AT&T exec, Boy Scout board member opposes gay scouting ban


Randall Stephenson, CEO of AT&T and an executive board member with the Boy Scouts of America, wants the nonprofit to lift its ban against gay members and leaders.

The Dallas Voice reports that Stephenson is joining Ernst & Young CEO James Turley, also a BSA board member, in opposing the controversial policy.

But just today the BSA executive office announced it had concluded a secret two-year review and decided to affirm the ban. A spokesman for the BSA told The Associated Press that an 11-member confidential review board had concluded that the anti-gay policy is the best policy for the scouting organization.

“This is a missed opportunity of colossal proportions,” said Chad Griffin of the Human Rights Campaign, the nation’s largest LGBT civil rights group. “With the country moving toward inclusion, the leaders of the Boy Scouts of America have instead sent a message to young people that only some of them are valued.  These adults could have taught the next generation of leaders the value of respect, yet they’ve chosen to teach division and intolerance.”

“The Boy Scouts of America decision to continue to exclude gays from membership is extremely disappointing and sends the message that gay youth are not fit to serve God and country,” said R. Clarke Cooper, executive director of the Log Cabin Republicans and an eagle scout who served in his youth in Troop 23 in Tallahassee, Fla. “This is absolutely the wrong policy for the Boy Scouts.”

The news of the BSA decision comes as Jennifer Tyrrell, a lesbian mom from Bridgeport, Ohio, prepared to deliver petitions challenging the ban to the BSA headquarters in Dallas on July 18.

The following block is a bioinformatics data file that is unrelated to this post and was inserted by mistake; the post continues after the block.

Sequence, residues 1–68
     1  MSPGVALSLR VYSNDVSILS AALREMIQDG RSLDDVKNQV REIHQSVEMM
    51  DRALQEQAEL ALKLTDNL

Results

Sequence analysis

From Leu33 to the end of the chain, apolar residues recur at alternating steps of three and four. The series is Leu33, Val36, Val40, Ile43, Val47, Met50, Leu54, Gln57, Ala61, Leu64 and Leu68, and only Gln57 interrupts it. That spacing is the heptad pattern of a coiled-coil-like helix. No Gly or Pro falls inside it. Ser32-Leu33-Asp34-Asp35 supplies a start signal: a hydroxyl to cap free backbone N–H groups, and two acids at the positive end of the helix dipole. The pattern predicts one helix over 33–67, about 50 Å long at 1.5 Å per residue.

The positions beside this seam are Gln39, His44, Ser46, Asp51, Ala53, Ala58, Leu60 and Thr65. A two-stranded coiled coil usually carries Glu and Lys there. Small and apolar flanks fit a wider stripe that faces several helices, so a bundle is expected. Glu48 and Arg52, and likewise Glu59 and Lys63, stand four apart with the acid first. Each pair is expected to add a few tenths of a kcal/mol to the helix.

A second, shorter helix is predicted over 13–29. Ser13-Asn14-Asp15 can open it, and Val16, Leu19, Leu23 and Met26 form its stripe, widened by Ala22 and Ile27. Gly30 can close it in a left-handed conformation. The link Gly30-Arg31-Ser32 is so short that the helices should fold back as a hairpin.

The BSA ousted Tyrrell as a den leader because of the ban, which has been upheld by the U.S. Supreme Court but opposed by scouts, parents, educators, politicians, executives and legal experts. The anti-gay ban has led a number of public entities to evict or remove the BSA for violating non-discrimination policies.

Tyrrell, after her ouster, launched a petition on that now has more than 300,000 signatures.

Her petition led Turley to announce his opposition to the ban in June and encouraged Stephenson’s stand this month.

This is a huge new development and could mean that the Boy Scouts are preparing to end this anti-gay policy sooner rather than later,” Tyrrell said through before the BSA affirmed the ban. “I’m very impressed with Mr. Stephenson’s leadership and his new commitment to helping the Boy Scouts stop discriminating, a position that is totally consistent with AT&T’s record as a champion of fairness and equality in the workplace.”

Tyrrell also has received support from celebrities, including Julianne Moore, Benicio Del Toro, Josh Hutcherson and Ricky Martin.

Earlier this year, she received an award from the Gay and Lesbian Alliance Against Defamation.

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